Wednesday, 21 November 2018

Artificial Intelligence Is The New Brain

By 2040 computing power should make third-generation robots with monkeylike minds possible. Such robots would learn from mental rehearsals in simulations that would model physical, cultural, and psychological factors. Physical properties would include shape, weight, strength, texture, and appearance of things and knowledge of how to handle them. Cultural aspects would include a thing’s name, value, proper location, and purpose. Psychological factors, applied to humans and other robots, would include goals, beliefs, feelings, and preferences. The simulation would track external events and would tune its models to keep them faithful to reality. This should let a robot learn by imitation and afford it a kind of consciousness. By the middle of the 21st century, fourth-generation robots may exist with humanlike mental power able to abstract and generalize. Researchers hope that such machines will result from melding powerful reasoning programs to third-generation machines. Properly educated, fourth-generation robots are likely to become intellectually formidable.

The earliest successful AI program was written in 1951 by Christopher Strachey, later director of the Programming Research Group at the University of Oxford. Strachey’s checkers (draughts) program ran on the Ferranti Mark I computer at the University of Manchester, England. By the summer of 1952 this program could play a complete game of checkers at a reasonable speed.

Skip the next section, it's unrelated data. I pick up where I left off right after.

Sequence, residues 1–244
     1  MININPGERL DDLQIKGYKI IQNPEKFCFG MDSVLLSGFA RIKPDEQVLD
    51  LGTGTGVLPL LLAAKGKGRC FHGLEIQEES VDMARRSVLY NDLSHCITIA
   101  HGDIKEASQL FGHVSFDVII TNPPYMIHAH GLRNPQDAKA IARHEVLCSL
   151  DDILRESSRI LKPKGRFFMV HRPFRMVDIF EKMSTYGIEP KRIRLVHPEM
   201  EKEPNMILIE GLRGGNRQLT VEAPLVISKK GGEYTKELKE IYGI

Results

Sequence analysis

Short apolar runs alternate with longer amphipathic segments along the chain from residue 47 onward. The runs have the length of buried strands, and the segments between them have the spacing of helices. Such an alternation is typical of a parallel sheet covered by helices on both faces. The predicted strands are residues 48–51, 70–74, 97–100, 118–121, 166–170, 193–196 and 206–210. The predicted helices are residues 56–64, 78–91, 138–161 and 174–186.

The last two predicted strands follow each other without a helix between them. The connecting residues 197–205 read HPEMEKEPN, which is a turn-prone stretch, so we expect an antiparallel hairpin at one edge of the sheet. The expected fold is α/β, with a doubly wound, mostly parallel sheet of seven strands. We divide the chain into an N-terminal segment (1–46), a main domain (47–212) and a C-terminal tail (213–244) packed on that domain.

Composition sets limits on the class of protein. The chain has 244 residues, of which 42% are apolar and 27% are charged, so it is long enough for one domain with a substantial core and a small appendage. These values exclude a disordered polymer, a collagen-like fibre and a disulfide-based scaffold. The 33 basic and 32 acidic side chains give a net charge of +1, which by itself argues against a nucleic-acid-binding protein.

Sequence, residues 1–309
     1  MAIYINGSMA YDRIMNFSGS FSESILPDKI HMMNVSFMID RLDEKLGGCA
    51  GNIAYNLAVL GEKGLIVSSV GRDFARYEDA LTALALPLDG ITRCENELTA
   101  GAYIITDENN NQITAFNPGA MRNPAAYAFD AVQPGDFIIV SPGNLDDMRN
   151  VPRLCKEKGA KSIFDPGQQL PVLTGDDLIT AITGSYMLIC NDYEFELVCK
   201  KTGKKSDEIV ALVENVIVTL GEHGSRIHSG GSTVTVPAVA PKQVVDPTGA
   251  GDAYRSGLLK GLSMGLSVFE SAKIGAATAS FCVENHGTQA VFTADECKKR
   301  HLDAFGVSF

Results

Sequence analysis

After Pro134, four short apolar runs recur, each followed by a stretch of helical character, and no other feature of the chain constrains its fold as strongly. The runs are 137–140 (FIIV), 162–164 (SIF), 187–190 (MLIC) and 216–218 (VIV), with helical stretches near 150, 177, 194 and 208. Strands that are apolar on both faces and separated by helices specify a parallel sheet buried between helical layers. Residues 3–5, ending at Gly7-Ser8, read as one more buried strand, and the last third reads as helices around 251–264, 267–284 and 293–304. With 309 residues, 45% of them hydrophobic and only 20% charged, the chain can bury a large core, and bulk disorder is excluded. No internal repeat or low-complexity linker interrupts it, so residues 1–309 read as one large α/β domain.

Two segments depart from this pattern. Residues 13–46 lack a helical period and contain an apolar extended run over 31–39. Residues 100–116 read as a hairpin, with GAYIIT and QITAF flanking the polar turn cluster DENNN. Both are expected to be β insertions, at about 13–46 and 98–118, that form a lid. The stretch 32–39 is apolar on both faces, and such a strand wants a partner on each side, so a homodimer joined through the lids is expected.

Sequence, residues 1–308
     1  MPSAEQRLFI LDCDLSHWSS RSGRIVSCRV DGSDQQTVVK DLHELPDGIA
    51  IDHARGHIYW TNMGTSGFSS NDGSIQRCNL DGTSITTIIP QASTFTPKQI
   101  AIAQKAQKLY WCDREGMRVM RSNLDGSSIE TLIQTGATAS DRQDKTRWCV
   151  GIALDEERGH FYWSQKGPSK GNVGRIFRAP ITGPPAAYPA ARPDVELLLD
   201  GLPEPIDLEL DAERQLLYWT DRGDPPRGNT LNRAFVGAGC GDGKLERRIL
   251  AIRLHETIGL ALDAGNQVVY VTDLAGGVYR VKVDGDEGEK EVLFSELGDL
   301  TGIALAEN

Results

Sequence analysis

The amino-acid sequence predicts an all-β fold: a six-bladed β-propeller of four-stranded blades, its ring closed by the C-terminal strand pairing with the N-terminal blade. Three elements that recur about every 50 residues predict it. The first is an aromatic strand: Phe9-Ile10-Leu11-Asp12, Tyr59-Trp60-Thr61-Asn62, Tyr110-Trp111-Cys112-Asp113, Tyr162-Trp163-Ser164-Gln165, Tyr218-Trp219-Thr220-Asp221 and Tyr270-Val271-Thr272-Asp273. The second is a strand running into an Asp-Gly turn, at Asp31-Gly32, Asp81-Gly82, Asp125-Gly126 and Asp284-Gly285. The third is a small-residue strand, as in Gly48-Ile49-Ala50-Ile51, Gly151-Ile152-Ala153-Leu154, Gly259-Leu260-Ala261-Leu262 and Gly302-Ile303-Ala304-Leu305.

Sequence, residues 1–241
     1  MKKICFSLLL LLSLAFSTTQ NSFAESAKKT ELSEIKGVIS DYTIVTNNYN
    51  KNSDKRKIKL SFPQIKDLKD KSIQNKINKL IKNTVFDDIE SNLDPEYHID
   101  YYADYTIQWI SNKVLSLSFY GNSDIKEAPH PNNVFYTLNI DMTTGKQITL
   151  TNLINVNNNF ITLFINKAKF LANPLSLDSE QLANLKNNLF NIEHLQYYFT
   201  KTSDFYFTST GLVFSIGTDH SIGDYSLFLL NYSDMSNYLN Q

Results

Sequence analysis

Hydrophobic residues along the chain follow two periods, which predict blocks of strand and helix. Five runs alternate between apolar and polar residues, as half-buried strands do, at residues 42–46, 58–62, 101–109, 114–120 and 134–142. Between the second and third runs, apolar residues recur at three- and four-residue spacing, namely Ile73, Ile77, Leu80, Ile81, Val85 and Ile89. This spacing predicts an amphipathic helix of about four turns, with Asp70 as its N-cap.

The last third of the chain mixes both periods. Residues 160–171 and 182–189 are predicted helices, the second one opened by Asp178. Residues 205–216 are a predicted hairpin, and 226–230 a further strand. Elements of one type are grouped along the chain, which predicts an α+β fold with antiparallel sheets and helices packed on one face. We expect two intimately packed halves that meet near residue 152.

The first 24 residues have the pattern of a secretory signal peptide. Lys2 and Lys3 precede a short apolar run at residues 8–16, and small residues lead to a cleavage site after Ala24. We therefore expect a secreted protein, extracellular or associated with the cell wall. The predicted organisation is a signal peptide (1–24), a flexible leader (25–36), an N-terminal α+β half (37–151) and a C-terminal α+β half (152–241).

Information about the earliest successful demonstration of machine learning was published in 1952. Shopper, written by Anthony Oettinger at the University of Cambridge, ran on the EDSAC computer. Shopper’s simulated world was a mall of eight shops. When instructed to purchase an item, Shopper would search for it, visiting shops at random until the item was found. While searching, Shopper would memorize a few of the items stocked in each shop visited (just as a human shopper might). The next time Shopper was sent out for the same item, or for some other item that it had already located, it would go to the right shop straight away. This simple form of learning, as is pointed out in the introductory section What is intelligence?, is called rote learning.

The first AI program to run in the United States also was a checkers program, written in 1952 by Arthur Samuel for the prototype of the IBM 701. Samuel took over the essentials of Strachey’s checkers program and over a period of years considerably extended it. In 1955 he added features that enabled the program to learn from experience. Samuel included mechanisms for both rote learning and generalization, enhancements that eventually led to his program’s winning one game against a former Connecticut checkers champion in 1962.

Evolutionary computing
Samuel’s checkers program was also notable for being one of the first efforts at evolutionary computing. (His program “evolved” by pitting a modified copy against the current best version of his program, with the winner becoming the new standard.) Evolutionary computing typically involves the use of some automatic method of generating and evaluating successive “generations” of a program, until a highly proficient solution evolves.